My Top Three Favorite Books
Everyone has their different tastes when it comes to books, myself included. Though this list doesn’t necessarily have to be made, any top three like this does show a lot about a reader’s personality. The opposite could be true to, and will probably be another post at a later time. However, this one is about my favorites.
I’ve added next to each title the number of people
who gave these books one-star reviews on Amazon.
I always find it interesting to know how greatly
other’s opinions differ from mine.
3) The Great Gatsby (239 one-star reviews)
Anyone who has read a little bit of my blog will have noticed I use this book often for my comparisons. It’s not surprising why. It is one of those books, for me, that still rings as a landmark or turning-point in my life as a reader as each one of these books on this list signifies. For this one in particular, I had to read it as part of an English correspondence course in high school. Easily, it blew me away. I didn’t know an author could write like this. On top of it, Gatsby, the man himself, changed my view of what a person could be. I don’t know about the rest of you, but after reading this book, I wanted to be ‘Gatsby.’ Only now, in my middle age, do I see how disappointing I am to that dreamy teenager and maybe even to Gatsby himself.
2) Crime and Punishment (69 one-star reviews)
Again, this book came and changed my view of the world. It entered my life by accident while I was very sick in university. I knew I’d have some time on my hands with summer vacation between my freshmen and sophomore year, so I picked up the mad Russian for some ‘light’ reading. It took me five days to finish it, which, looking at the page count, I did not think possible beforehand. Besides being a book that set standards with motifs that have been ripped off every since, it defined, for me, youthful thinking and defiance. Clearly, I read it at the right time.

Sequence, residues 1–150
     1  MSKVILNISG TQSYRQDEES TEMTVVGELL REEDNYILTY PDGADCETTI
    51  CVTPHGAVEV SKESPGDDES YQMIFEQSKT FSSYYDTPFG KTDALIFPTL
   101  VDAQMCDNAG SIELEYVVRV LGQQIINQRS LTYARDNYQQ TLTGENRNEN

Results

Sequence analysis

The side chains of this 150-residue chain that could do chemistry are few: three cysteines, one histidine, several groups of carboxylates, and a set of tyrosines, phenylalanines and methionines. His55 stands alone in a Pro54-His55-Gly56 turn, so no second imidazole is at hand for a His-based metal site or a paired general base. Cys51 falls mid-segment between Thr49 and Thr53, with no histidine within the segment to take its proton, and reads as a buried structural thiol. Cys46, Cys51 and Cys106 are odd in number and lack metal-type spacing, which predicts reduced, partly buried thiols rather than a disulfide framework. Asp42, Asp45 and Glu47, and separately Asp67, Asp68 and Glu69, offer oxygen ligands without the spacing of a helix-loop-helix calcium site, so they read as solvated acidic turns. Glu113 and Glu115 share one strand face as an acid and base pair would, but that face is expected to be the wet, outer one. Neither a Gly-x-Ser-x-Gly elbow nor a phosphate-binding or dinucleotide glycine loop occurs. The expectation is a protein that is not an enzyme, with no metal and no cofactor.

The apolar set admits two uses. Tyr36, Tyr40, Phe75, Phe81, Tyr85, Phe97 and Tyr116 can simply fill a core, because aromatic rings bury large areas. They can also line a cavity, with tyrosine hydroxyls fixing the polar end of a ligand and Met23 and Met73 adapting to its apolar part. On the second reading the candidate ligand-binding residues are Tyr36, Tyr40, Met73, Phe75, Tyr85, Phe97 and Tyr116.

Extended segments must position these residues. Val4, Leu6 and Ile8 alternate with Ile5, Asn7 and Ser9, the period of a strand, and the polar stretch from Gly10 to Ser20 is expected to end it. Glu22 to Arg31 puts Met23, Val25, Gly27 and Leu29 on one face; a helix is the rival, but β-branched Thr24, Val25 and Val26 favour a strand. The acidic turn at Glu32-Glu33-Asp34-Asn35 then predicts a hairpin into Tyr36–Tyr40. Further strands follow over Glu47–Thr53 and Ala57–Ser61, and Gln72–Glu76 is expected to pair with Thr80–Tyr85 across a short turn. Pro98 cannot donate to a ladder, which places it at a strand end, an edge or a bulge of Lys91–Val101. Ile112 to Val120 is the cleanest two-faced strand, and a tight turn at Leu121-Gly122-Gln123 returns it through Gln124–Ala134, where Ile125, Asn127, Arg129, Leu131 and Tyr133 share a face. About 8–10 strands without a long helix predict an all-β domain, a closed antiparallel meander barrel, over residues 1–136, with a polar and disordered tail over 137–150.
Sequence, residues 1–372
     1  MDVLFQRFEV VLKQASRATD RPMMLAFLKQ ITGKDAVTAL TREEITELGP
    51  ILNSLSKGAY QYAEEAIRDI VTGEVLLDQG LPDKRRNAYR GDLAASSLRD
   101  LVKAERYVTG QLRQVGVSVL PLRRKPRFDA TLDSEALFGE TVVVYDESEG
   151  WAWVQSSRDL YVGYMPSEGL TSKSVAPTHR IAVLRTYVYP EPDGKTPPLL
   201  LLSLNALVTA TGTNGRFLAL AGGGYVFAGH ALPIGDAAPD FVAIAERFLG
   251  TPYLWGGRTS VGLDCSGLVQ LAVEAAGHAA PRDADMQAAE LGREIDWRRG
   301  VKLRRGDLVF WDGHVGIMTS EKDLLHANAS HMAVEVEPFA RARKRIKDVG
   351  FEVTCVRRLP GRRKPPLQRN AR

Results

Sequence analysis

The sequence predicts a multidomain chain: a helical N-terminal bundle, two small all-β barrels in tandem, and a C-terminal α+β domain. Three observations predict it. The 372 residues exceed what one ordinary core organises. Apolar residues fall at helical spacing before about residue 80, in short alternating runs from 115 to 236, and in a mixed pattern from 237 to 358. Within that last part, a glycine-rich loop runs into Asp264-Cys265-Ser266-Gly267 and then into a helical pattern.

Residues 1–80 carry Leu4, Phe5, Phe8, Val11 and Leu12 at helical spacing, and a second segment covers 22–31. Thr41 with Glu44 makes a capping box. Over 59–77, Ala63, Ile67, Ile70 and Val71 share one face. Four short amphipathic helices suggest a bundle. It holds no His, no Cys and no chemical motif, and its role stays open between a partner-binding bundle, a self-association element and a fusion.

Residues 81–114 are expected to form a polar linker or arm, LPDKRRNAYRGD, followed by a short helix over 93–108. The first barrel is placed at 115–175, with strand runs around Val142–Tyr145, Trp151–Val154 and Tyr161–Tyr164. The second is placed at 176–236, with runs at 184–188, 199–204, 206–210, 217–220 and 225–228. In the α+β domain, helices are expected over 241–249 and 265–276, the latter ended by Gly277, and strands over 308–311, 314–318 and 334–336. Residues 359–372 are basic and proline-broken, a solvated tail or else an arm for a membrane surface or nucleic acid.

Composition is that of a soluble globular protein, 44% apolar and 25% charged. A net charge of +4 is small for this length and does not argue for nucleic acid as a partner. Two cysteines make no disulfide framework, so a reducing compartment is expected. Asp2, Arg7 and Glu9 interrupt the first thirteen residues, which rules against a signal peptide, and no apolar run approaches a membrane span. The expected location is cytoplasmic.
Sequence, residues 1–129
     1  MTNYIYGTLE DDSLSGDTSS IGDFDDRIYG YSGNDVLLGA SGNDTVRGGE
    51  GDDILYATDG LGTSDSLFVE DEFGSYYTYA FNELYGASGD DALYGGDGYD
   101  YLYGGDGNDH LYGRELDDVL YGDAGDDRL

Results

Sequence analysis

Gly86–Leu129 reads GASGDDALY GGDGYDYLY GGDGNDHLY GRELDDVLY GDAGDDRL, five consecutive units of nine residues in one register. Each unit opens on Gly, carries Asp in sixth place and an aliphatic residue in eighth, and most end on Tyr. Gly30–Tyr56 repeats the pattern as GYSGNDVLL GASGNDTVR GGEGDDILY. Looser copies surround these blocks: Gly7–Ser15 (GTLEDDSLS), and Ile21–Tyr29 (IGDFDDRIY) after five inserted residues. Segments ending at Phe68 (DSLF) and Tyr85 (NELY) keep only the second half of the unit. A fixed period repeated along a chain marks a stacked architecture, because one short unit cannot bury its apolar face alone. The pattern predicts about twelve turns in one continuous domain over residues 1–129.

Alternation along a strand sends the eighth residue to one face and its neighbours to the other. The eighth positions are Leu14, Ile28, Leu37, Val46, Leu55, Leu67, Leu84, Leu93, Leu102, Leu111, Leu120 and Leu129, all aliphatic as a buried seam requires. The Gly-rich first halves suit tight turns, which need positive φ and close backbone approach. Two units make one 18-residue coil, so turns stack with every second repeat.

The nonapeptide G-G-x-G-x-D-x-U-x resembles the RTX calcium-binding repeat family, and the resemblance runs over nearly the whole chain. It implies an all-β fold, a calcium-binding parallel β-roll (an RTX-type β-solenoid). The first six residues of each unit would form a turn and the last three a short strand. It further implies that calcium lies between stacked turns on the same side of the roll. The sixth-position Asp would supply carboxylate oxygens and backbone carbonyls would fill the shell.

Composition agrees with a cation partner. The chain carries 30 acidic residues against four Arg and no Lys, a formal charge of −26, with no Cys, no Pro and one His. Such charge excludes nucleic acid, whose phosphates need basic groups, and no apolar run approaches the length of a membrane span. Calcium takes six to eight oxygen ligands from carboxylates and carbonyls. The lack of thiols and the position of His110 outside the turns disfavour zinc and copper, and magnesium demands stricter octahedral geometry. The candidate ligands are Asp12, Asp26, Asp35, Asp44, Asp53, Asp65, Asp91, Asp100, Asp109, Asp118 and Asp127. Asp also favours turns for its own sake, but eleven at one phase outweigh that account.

1) Mrs. Dalloway (31 one-star reviews)
In no way was this list meant to be chronological, but surprisingly, it is. I stumbled upon this after my semester abroad. I had little money left over, was heading into my final year of university—my fifth!—and Woolf jumped into my life. I reread it voraciously, underlining nearly every sentence. Again, I had no idea a human being could write this way, and, on top of that, still have their readers understand it. I’ve read Joyce—and enjoyed him—and have heard Woolf felt eclipsed by his genius, but in no way do I feel he bested her. Mrs. Dalloway was a thousand times more enjoyable than any of his books. Though, also a million times more readable as well.
Honorable Mention: J.D. Salinger (Catcher in the Rye) (423 one-star reviews)
Even though this is supposed to be my top three books, J.D. deserves to be on it. He is not a book; however, his writing style and content seem to me like an ever-present background that other writing juxtaposes. He is the green screen for weather reporters—always present, rarely noticed. Though all of his writing is important to me, Catcher in the Rye, I feel, is too often overlooked or registered as some whiny teenage novel, which it isn’t. First, every other piece of writing by Salinger comes with his unbelievably wrought, over stylized sentences that make my head swim. But Catcher is the rare piece that diverges from this. He created a new style for it, one to fit the protagonist, and for this reason I feel many readers overlook it. It is a book about spirituality—not teenage angst. He wrote at a time before teenagers had perfected the art of angst, yet, sadly, we now look at it through our present milieu and overlay far too much of ourselves on it.
Classics in a top three book lists!—not surprising, but I hope some of you agree with my choices. If not, please feel free to add your thoughts below. I’d love to not only hear where I’m wrong, but which ones you feel outrank my own. Thanks!